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Incubating Ball Python Eggs with Perlite


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5 Year Member
There are many different successful methods to incubating Ball Python eggs. Some folks use Vermiculite, some folks use Perlite, some folks use a mix of Vermiculite & Perlite and some folks use other incubation mediums altogether. Also, some folks don't use any incubation medium what so ever, which is also known as the "no substrate" method. Here I am going to cover how I personally incubate my Ball Python eggs using only Perlite.

I have had great success using just Perlite with my Ball Python eggs. Perlite can usually be found at any garden center. Make sure it is 100% Perlite without any fertilizer or anything else added to it. The bags are typically labeled very clearly. You will only need 4 basic things to successfully incubate with Perlite. The Perlite, water, a scale and an appropriately sized plastic tub with the lid (oh, and you will need an incubator). I personally like using the 12 quart Sterilite tubs for my larger clutches and 6 quart Sterilite tubs for my smaller clutches.

I personally set my scale to weigh in grams for this part of the process. First you will need to place your plastic tub on the scale and tare the scale. Which will make the display on your scale read 0 grams with the tub on the scale. Then add Perlite to the tub until the Perlite is 2 to 2 and 1/2 inches deep across the entire tub. Your scale will now show in grams how much perlite you added to the tub. Lets say for this example that your scale says you added 1125 grams of Perlite. Now you will want to add the exact same amount of water, 1125 grams by weight, to the tub of Perlite. When you are done adding water your scale should read 2250 grams. You can now remove the tub from the scale and mix the Perlite and water thoroughly with your clean freshly washed hands. Basically you just dig in with your hands and start mixing it all together being sure to get down to the bottom. Usually about two minutes of mixing is plenty if you are doing a thorough job of it. Put the lid on and you are done with this step of the process.

It is best to prepare your incubation tubs, like we outlined above, a few days in advance of your clutch being laid. This way you can take your finished incubation tub and place it in the incubator to get the Perlite/water mixture completely stabilized at the proper temps before adding the eggs to it. Keep in mind that throughout the entire length of the incubation process that I keep the lids on my incubation tubs. It holds the humidity perfectly in the tubs so you don't have to worry about keeping proper humidity throughout the incubator itself.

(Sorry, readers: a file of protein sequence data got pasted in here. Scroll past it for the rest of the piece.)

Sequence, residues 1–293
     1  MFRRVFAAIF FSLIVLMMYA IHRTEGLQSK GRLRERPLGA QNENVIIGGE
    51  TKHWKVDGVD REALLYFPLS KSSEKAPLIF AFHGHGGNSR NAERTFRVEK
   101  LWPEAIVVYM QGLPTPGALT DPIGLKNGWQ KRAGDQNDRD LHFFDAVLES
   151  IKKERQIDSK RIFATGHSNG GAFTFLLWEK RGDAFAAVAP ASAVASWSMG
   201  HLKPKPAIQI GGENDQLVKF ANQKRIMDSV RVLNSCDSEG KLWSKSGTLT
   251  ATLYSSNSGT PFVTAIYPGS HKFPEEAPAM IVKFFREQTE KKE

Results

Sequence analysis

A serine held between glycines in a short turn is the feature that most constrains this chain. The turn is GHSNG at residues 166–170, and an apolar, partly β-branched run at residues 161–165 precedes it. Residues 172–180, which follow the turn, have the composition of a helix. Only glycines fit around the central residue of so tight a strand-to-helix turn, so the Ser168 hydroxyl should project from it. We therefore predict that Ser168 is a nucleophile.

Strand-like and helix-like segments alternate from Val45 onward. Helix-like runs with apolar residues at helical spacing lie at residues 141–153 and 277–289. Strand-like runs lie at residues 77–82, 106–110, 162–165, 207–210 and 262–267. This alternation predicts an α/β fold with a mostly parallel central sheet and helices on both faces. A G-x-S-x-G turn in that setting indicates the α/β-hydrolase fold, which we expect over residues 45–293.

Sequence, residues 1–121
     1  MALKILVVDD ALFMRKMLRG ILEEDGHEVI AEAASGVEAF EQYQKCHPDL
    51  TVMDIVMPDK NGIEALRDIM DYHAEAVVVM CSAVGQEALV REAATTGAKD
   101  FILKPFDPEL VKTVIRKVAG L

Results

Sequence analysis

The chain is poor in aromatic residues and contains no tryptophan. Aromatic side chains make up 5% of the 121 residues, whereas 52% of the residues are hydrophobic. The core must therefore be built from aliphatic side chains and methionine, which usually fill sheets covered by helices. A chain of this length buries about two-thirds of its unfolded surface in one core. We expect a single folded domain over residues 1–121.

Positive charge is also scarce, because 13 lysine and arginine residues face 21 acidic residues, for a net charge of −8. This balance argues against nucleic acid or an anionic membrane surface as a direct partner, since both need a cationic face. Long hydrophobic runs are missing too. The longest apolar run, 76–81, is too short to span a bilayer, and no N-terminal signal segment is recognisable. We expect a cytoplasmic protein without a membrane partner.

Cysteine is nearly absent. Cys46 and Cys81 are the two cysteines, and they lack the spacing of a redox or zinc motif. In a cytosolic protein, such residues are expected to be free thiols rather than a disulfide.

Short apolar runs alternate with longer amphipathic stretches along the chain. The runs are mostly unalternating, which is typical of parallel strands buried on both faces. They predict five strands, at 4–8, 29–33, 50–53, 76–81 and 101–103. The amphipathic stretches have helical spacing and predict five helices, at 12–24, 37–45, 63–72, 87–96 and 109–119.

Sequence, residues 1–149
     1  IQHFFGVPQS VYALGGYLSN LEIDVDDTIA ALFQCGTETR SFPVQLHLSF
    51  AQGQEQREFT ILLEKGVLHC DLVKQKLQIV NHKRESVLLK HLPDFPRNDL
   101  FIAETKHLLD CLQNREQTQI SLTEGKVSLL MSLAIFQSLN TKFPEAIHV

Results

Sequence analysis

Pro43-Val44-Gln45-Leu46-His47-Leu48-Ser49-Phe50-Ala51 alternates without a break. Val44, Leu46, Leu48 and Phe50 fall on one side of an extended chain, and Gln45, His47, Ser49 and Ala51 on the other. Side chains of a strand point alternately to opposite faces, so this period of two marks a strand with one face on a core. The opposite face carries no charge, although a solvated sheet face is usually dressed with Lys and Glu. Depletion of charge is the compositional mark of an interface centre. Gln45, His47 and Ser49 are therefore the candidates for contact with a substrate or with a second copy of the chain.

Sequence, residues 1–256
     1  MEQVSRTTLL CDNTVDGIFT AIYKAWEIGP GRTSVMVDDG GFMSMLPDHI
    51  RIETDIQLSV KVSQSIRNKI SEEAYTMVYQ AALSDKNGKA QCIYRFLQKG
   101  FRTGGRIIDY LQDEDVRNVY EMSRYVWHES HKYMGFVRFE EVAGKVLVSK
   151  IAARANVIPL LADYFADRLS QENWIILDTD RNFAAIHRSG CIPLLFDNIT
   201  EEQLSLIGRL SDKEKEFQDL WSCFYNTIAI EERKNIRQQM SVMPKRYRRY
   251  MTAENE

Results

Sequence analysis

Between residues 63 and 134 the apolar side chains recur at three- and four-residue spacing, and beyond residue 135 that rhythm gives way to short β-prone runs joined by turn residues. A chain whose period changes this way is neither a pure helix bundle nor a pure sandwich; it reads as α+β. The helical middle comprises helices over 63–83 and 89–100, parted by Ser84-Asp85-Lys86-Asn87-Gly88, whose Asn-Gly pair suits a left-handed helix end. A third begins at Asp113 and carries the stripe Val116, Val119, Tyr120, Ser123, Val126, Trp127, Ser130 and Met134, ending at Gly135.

Once the eggs are laid it is best to move them as soon as possible to your prepared incubation tubs and get them in the incubator. Try to place the eggs in the tub exactly as you found them with their mother, you don't want to turn them upside down from how you found them. Ideally you want the eggs to be resting in the Perlite so that half the egg is buried in the Perlite and half the egg is exposed to the air in the tub. Many times you may have eggs stuck together and it will not be possible to get all the eggs buried to the half way mark. Just do the best you can in these situations. Most of the time this will not be a problem. Below is a pic of some eggs in a prepared tub ready for the incubator.


I incubate my eggs between 88-89 degrees. It typically takes 56-60 days for the eggs to hatch at those temps. Throughout the entire incubation period I will go into my incubator every two days and remove the lid to inspect the eggs and wave my hand a few times over the eggs to allow for a fresh air exchange. This literally takes less than a minute to do and the lid goes back on the tub and the eggs go back in the incubator. Eggs do need oxygen to properly develop, so it is very important to make sure you get fresh air to your eggs every couple of days.

Approximately two weeks before the expected hatch date your eggs will start to dent in. If they start to dent much earlier than that during the incubation process you will need to add a little water to the incubation tub. A 1/4 cup of warm water should be plenty, but be sure to not pour the water directly on or too close to your eggs. You will not need to mix the Perlite and water when adding water in the middle of the incubation period. Just add the water and leave it alone.

You may also have an egg/embryo die during incubation. There are many reasons that this can happen. Properly mixing the Perlite/water mixture and making sure your temps are stable throughout the incubation period are the two biggest things you can do to make sure your eggs survive the incubation process. Sometimes an egg/embryo will die due to absolutely no fault of your own. It is life, it happens. If the bad egg is not stuck to any of the other eggs you can remove the bad egg if you wish. If a bad egg is stuck to other good eggs just leave it alone. It can not do any harm to the surviving eggs. If you are wondering how to tell if an egg is bad... trust me you will know. It will start to turn dark and then begin to mold. There is no mistaking a good egg from a bad one. Again, bad eggs can not harm good eggs in any way. So do not attempt to remove a bad egg that is stuck to a good one. You are most likely just going to end up damaging the good ones.

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